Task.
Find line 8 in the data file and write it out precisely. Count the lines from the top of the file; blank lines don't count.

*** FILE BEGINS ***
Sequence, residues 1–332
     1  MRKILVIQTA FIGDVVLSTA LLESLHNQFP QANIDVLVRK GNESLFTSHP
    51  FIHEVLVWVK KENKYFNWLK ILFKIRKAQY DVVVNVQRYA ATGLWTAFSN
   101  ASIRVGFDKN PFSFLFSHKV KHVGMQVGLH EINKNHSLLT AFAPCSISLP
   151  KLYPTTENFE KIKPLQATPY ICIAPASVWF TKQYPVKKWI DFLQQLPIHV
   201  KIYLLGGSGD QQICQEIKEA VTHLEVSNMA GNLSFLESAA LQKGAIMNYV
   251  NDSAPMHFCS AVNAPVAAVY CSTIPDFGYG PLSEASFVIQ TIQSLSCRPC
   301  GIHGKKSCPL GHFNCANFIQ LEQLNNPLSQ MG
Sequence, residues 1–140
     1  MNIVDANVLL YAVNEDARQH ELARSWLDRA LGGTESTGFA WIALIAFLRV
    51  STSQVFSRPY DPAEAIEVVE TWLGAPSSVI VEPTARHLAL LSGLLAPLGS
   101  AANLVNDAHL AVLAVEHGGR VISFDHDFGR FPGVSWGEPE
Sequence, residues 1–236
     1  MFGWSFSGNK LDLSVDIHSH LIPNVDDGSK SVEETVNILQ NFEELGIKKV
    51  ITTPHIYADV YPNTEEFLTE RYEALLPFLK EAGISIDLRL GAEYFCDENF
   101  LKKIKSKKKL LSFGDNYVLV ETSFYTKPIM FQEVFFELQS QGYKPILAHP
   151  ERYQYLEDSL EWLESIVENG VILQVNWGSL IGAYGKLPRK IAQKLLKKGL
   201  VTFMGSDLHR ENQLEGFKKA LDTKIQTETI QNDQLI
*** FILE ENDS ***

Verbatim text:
   301  GIHGKKSCPL GHFNCANFIQ LEQLNNPLSQ MG